On ViewHunter Shaw Fine Art
Klammern aus denen Blätter Sprießen II
June 26 – July 24, 2022
If socialist realism promoted socialist ideals through a visual lexicon that elevated physical labor and celebrated those who toiled in the service of a totalitarian vision of equality, we might say that contemporary capitalist realism is the exact opposite. Not celebratory, equalizing, or a product of the working class, capitalist realism and the many ills it diagnoses are explored in Klammern aus denen Blätter Spriessen (Brackets from which Leaves Sprout), a group show at Hunter Shaw Fine Art in Los Angeles featuring work by Colleen Hargaden, Filip Kostic, Yein Lee, Andrew Rutherdale, Jonas Schoenberg, and a text by Steph Holl-Trieu.
As the first iteration of this exhibition, which presented slightly different work by the same artists, took place at Scherben in Berlin, it seems appropriate to classify the artists’ collective output as the outgrowth of a genre that started in the same city over fifty years prior. Capitalist realism at that time was thought to be a sort of German pop art, due to its political resonance and interest in mass media. If we extrapolate from the thinking of British cultural critic Mark Fisher (in a manner slightly at odds with his intentions as he avoided conflation with the Cold War era movement), capitalist realism as an artistic movement today could be seen as a practice that reveals, via exaggeration and mimesis, capitalism’s social, political, economic, and environmental impact on present lived experience and various possible futures.1
The central node of this exhibition, Filip Kostic’s Bed PC (2021), exemplifies the encroachment of capitalism into all aspects of daily life and the rapid dissolution of the boundaries between work, art, play, and rest. Affixed to the wall above a twin bed are three large monitors that create a 180-degree arch over the pillow. A split keyboard rests on either side of the mattress, a small table is attached to the bed frame to support a mouse, and Kostic’s custom built computer hums from below. Bed PC enables Kostic, or any user, to engage in all digital spaces and activities without leaving the comfort of his bed. First constructed in the artist’s home during the pandemic when spaces of work rapidly began to encroach on those of leisure, this WALL-E-esque contraption highlights the transition from a way of life segmented into discrete spheres of activity to one understood as a single, totalizing continuum of experience. Nominally recreational virtual spaces, be they the game Risk of Rain 2, a video chat with a friend on Discord, or a deep dive into Hennessy Youngman’s Art Thoughtz on YouTube—all of which Kostic took part in during an eight hour Twitch livestream from the gallery—may offer some respite, but it is hard to shake the uneasy feeling that such alternative spaces only perpetuate the “reality” we seemingly want to escape by enabling us to endure it… just a little longer.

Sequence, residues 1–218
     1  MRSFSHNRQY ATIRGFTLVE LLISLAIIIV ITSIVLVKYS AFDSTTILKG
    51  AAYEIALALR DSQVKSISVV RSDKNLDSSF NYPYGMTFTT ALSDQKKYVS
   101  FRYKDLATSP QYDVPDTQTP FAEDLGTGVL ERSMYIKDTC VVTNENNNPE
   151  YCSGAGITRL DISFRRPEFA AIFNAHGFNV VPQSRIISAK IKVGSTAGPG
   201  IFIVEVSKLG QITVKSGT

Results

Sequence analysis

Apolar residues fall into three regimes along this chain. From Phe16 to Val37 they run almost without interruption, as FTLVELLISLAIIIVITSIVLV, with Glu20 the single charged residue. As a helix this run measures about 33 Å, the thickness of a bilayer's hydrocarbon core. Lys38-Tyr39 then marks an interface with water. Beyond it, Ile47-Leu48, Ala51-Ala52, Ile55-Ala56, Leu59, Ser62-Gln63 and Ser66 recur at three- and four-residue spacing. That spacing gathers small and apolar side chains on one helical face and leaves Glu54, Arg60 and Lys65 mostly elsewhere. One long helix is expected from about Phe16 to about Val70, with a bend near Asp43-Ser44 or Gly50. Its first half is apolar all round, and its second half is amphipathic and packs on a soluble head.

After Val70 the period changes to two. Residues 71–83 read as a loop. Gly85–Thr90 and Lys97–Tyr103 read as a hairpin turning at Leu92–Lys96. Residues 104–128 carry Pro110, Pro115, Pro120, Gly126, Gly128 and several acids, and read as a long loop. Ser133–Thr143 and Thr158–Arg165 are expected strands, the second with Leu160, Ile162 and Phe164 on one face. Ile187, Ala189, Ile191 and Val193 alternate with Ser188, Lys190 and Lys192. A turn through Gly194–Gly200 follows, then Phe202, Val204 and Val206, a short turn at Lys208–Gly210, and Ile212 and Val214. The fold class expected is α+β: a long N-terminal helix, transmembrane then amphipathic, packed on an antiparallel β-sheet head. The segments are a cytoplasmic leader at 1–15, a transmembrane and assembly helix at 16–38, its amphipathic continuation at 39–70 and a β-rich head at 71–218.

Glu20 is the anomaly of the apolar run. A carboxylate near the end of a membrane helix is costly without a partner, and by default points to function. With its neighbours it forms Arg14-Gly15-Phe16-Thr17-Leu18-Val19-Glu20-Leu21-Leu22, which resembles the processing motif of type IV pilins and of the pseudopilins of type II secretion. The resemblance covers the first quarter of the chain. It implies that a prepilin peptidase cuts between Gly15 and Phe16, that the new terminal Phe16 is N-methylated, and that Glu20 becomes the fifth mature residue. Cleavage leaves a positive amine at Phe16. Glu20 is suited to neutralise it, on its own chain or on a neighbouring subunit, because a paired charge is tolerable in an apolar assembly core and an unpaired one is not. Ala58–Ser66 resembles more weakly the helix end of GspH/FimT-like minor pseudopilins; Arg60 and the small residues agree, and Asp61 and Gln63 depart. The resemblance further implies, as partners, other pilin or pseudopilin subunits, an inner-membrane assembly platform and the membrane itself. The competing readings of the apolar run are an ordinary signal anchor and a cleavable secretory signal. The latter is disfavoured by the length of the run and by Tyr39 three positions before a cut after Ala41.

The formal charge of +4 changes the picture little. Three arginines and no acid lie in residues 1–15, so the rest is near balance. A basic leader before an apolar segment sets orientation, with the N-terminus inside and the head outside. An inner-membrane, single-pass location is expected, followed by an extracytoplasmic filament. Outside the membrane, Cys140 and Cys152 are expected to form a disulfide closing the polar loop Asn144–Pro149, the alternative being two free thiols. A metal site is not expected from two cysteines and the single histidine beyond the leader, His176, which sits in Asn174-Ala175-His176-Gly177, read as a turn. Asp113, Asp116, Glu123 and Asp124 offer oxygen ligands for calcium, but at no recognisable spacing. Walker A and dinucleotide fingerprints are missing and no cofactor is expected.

Kostic’s Bed PC, whether a subversive or sincere embrace of our contemporary, dystopian, work-life collapse, appears poised to induce a state of depressive insomnia deeply tied to the corrosive effects of capital and overstimulation. A similar effect is reflected in three LED-illuminated wall-based works by Andrew Rutherdale which reproduce Goya’s etching The Sleep of Reason Produces Monsters (1797–99) on acrylic panel with laser-engraved SCOBY—a symbiotic culture of bacteria and yeast. Foregrounding materials that could come into greater use on a ravaged post-Anthropocene Earth, Rutherdale’s reference to the conflict between reason and fantasy highlights the significance of this Enlightenment-era warning in the present: do we not, after all, find ourselves assailed by an overindulgence in fantasy, a preponderance of irrational thinking, a world infested by human-generated evils? Rutherdale alludes, in particular, to environmental catastrophe. The kind of bio-technology hybrid that he embraces in these works may be received by some as a welcome alternative to conventional industrial logic, a sustainable media based on symbiotic relationships, but to others it will only foreshadow the ecological decimation that must take place before we start using kombucha in lieu of paper.